At the point of my third tattoo I’d entered the world of academia and was establishing my professional identity; an identity that was in some ways at odds with my tattooed body. Wearing a professional suit and heels with a tattoo on my foot and ankle certainly led to some raised eyebrows and disapproving looks from older colleagues. This reaction was nothing compared to the openly disapproving judgements I later encountered from fellow magistrates; not only was I young to be a magistrate but I was also tattooed and had the audacity to display them in court! Linking this reaction back to my earlier statement about deviance, rebellion and disrepute, the simplest thing would be for me to wear a trouser suit in court and hide my tattoos, in essence, conforming to societies expectations of that position. However, my reasons for not doing so are twofold, firstly I am a bit of rebel at heart and secondly, I do not see my tattoos as an act of deviance but one of self-expression. In all other areas of life, I conform to the norms and values of society, I have a career and present myself as a professional, I’m trying to raise my children to be good law-abiding citizens, I pay my bills on time, I put out my rubbish when asked and I try to treat others with compassion and respect. In short, I’ve joined the collective, blended into society and accepted the expectations of me as a woman, a mother, a daughter and so forth. My tattoos therefore are a reflection of self-expression, my little rebellious side that says, “I’m more than one of the collective, I’m an individual”. Each tattoo reflects my journey, where I have come from, what I have experienced, who I am and where I am going. They tell the reader that I am more than just a number, I am an individual embracing self-expression through body art because to me tattoos are not just ink, they are pieces of art symbolising your life journey. For this reason, I agree with Charlotte’s argument that tattooed people cannot be stereotyped as a homogeneous group because tattoos by their very nature make us unique individuals.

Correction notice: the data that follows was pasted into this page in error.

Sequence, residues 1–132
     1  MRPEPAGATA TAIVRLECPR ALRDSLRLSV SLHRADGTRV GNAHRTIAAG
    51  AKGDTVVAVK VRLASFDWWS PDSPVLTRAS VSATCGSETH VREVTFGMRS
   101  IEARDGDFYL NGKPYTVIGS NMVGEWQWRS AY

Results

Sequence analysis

As we are gleefully coming towards the start of yet another academic year, we tend to go through a number of perpetual motions; reflect on the year past, prepare material for the upcoming year and make adjustments on current educational expectations. Academics can be creatures of habit, even if their habit is to change things over. Nonetheless, there are always milestones that we all observe no matter the institution or discipline. The graduation, for example brings to an end the degree aspirations of a cohort, whilst Clearing and Welcome Week offer an opportunity of a new group of applicants to join a cohort and begin the process again. Academia like a pendulum swings constantly, replenishing itself with new generations of learners who carry with them the imprint of their social circumstance.